Allie Plumer

When an American Chef Needs Brain Surgery

Allie Plumer had just opened one of the hottest restaurants in New York, but she could tell that something wasn't right. Here's what happens when an uninsured restaurant worker is suddenly in a very expensive fight for their life.

She remembers sitting on a red tricycle in the sun when she was three years old and having a feeling of euphoria consume her. She has no words for what this is; that would come later. This happens on and off until she is seven, when it abruptly stops, replaced by intense migraines. In her thirties the euphoria returns, this time accompanied by a number of other feelings that are mysterious and unsettling. By now she's working as a chef and about to open what will become the hottest spot in town. A few mornings a week she wakes up to the smell of burning rubber. The sensation is accompanied by an overwhelming rush of nostalgia and anxiety. "I'd hear my heart pounding in my head," she says. "I'd become sweaty with fear and feel like I was in the wrong place at the wrong time." 

She is setting up a new kitchen, hiring her crew and designing a menu, so she assumes this is stress. Deep down she fears it might be something else. But what? Demonic possession? Hallucinations? A descent into madness? She has no idea and no time to worry about it. There is a highly-anticipated restaurant to open, and the most powerful critic in the land is already polishing his pen and saddling his white horse. This is destined to be the defining moment of her young career. So she does what any good chef would, in pretty much any situation: she puts her head down and gets to work. 

This is the story of Allie Plumer.

Plumer grew up in Rhode Island. In college she started working at the New York City Greenmarkets for the legendary Bill Maxwell. Her shift would start at 5 a.m. "Bill was a real salt of the earth farmer, wildly popular with the big name chefs. I didn't know what kale was when I started," she tells me over the phone from her family home in Cranston, RI. "Food and cooking was all we would talk about. It was the foundation of my career." 

She worked at the Greenmarkets for eight years. Her first commercial kitchen job came in 2008. She kept on with Maxwell until his retirement in 2013, when she came into kitchens full time. Five years later, in 2018, a man walked into Lot 2, the restaurant she co-owned in Park Slope, Brooklyn, and headhunted her to open his new restaurant. 

It launched in the summer of 2019 to a deafening buzz and a two-to-three-week waiting list. If Plumer thought stress was the cause of her issues, she was now experiencing it at its highest level. Hell hath no fury like that of a perpetually slammed restaurant garnering rave reviews in the first few months of service. 

"It would take me 45 minutes to put my chef clothes on and make coffee," Plumer recalls. "I should have been making my prep list and unpacking deliveries but I wouldn't know where to start. I was constantly forgetting things."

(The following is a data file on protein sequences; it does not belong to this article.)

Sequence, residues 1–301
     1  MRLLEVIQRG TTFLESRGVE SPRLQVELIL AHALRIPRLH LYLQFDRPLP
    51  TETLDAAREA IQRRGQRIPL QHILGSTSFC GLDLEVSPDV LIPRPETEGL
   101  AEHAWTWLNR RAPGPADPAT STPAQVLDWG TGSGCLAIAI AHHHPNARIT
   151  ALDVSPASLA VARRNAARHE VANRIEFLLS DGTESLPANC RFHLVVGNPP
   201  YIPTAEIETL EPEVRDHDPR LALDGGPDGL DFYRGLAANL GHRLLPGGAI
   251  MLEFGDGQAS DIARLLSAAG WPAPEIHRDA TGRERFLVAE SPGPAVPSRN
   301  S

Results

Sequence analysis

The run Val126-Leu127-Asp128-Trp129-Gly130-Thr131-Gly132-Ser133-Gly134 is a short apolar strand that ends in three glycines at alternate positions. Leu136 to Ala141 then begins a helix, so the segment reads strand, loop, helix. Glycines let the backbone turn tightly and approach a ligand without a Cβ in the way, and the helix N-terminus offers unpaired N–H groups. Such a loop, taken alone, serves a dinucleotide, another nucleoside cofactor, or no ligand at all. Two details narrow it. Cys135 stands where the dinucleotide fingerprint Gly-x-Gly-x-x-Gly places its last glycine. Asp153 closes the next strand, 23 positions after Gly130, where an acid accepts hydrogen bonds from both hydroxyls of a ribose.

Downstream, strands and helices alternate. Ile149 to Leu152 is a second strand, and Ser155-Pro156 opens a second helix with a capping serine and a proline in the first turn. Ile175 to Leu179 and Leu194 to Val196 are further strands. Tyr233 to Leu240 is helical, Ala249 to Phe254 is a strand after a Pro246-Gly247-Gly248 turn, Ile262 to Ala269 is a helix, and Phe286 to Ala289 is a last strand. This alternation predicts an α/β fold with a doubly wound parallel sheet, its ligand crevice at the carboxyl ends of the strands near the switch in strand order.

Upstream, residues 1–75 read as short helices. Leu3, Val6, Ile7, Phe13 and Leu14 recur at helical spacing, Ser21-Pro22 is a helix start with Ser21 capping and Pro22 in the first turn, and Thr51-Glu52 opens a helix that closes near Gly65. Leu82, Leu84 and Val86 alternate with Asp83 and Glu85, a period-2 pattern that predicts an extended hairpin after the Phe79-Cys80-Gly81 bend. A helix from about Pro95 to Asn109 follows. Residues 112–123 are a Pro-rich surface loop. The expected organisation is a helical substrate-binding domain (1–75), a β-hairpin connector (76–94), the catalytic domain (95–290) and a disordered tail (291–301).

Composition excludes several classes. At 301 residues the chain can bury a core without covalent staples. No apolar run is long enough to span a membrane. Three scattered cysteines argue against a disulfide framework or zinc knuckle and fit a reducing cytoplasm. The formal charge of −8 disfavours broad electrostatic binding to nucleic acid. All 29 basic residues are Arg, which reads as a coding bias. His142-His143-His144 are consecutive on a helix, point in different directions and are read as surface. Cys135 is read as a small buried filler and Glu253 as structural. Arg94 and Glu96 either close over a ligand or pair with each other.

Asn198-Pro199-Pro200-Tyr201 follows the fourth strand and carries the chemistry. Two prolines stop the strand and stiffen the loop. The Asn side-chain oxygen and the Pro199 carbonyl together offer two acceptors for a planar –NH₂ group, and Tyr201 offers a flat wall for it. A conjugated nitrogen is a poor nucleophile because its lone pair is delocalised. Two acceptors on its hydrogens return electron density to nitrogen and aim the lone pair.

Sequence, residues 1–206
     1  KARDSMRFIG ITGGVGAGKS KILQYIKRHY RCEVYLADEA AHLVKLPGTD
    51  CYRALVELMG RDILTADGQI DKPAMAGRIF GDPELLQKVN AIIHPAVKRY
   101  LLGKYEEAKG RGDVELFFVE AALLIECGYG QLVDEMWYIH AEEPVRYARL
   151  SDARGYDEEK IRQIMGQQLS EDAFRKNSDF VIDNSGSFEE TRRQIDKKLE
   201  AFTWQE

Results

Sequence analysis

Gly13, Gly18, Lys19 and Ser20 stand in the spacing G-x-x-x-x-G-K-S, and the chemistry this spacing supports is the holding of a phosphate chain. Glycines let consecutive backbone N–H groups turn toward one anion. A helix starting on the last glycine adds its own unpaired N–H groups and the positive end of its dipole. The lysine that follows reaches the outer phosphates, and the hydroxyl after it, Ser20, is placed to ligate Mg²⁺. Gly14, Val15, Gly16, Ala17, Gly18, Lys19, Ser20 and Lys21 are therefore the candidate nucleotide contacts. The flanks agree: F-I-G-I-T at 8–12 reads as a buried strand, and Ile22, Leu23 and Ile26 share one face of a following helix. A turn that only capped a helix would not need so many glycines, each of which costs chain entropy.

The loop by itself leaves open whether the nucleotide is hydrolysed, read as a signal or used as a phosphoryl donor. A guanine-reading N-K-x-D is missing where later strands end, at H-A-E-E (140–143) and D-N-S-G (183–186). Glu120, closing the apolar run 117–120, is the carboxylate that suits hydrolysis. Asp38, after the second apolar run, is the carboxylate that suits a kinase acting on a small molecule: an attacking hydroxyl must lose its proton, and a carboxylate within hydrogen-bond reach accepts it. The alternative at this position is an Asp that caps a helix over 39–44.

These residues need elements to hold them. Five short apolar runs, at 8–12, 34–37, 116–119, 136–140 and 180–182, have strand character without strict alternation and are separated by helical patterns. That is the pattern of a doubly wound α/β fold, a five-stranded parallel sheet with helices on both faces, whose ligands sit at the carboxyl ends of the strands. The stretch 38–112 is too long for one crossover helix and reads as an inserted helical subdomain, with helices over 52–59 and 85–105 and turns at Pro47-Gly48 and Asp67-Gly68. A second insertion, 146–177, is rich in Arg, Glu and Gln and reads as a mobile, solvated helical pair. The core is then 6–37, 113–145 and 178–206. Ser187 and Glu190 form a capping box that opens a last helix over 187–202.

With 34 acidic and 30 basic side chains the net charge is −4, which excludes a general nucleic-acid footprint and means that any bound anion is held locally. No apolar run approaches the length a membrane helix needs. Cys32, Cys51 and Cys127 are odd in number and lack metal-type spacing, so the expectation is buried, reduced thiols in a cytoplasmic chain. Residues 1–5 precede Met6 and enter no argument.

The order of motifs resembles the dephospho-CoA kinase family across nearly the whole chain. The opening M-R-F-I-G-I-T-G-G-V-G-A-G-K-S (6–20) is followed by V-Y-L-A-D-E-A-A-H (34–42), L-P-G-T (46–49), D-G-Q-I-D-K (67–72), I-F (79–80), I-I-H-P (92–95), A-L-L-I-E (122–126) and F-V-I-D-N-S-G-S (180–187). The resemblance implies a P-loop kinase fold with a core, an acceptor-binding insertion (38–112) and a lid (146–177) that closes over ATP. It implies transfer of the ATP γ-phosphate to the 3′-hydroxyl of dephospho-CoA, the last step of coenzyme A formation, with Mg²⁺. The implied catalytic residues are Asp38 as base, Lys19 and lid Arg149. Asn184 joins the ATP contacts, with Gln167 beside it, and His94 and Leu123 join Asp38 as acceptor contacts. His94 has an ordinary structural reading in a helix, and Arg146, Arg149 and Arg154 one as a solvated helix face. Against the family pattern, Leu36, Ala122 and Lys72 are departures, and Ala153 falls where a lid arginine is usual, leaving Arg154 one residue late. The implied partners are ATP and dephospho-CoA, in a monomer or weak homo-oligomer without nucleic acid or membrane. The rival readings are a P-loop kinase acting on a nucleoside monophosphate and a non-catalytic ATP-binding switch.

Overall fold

By the fall she was having "brain spells" frequently throughout the day. "I'd be in the middle of chopping and I would put my knife down, walk into the dining room and put my head on a table." 

She relied heavily on her team, but that team was getting fed up. No one knew what was wrong with her, least of all Plumer, and the pace never slackened.

"I thought she was burning out. She would forget to order or delegate and if somebody else did something that wasn't what she told them, she'd get mad." says Trina Quinn, a former line cook. "You can't even run your own kitchen but you're gonna yell because somebody didn't chiffonade the parsley?" The head chef seemed to be losing her marbles and the relentless demands of service kept the pressure at full boil. 

"It was an absolute shitshow," according to Quinn. "We didn't know what was going on though, and that's really unfortunate." 

Allie Plumer
Credit: Illustration by Tisha Myles

Quinn quit. "We had a great kitchen family and one person kinda ruined that. I definitely blamed her. During service we were barely getting by." At her exit interview, she listed Plumer as the cause. "You need one person steering the ship and it was sinking." 

Within a week Plumer was fired. Unemployed, plagued by mystery symptoms, and depressed while locked down in her Park Slope apartment, Plumer turned 35 on May 4, 2020. She and her girlfriend Stacy Dover-Pearl celebrated with a Fudgie the Whale Carvel cake. The remains of that cake were still in the freezer four days later when she was rushed to the hospital. Plumer had just suffered her first grand mal (now called tonic-clonic) seizure. 

And so in the midst of a pandemic, in the hardest-hit city in North America, at a hospital overrun with people dying of COVID-19, our hero was diagnosed with a brain tumor. 

"It is my natural inclination to go in the woods to suffer alone, because I'm just some weird animal at heart," says Plumer. It was Dover-Pearl who set up the GoFundMe on November 4. Until then, Plumer had been mostly silent about her diagnosis, telling only family, so this is how most of the people in her life—and the majority of folks in the industry—found out about her situation. 

"My brother Clayton, and his wife Katie, put the word out in Rhode Island where I grew up," says Plumer. "I had big-name chefs spread the word and donate. Actors I've fed. People I went to high school with 20 years ago. Regulars who had small children when I started cooking, who are now in high school. Matt Hyland, who owns Pizza Loves Emily, not only donated a huge chunk himself, but he also ran a pizza special for a month to raise money for my recovery." 

Other notable donors included Rose Byrne and Bobby Cannavale, Gail Simmons, David Lebovitz, Melissa Clark, Cherry Bombe founder Kerry Diamond, Joe Lo Truglio from Brooklyn Nine-Nine and his wife, Orange Is the New Black's Beth Dover, as well as her co-stars Emily Tarver and Emma Myles.

The campaign hit its goal of $10k within two days and was at $50k within a week. 

Plumer's doctors helped her to navigate insurance and Medicaid. "I'm very fortunate that my doctors are doing most of the fighting. It's something I understand so little about, never having been at the mercy of the public health system. It's almost like this taboo thing, it denotes that you are of a certain level of economic status [and] somehow determines what type of person you are," she says. "As a New Yorker I don't often think of people on the public health system as being in the upper echelon."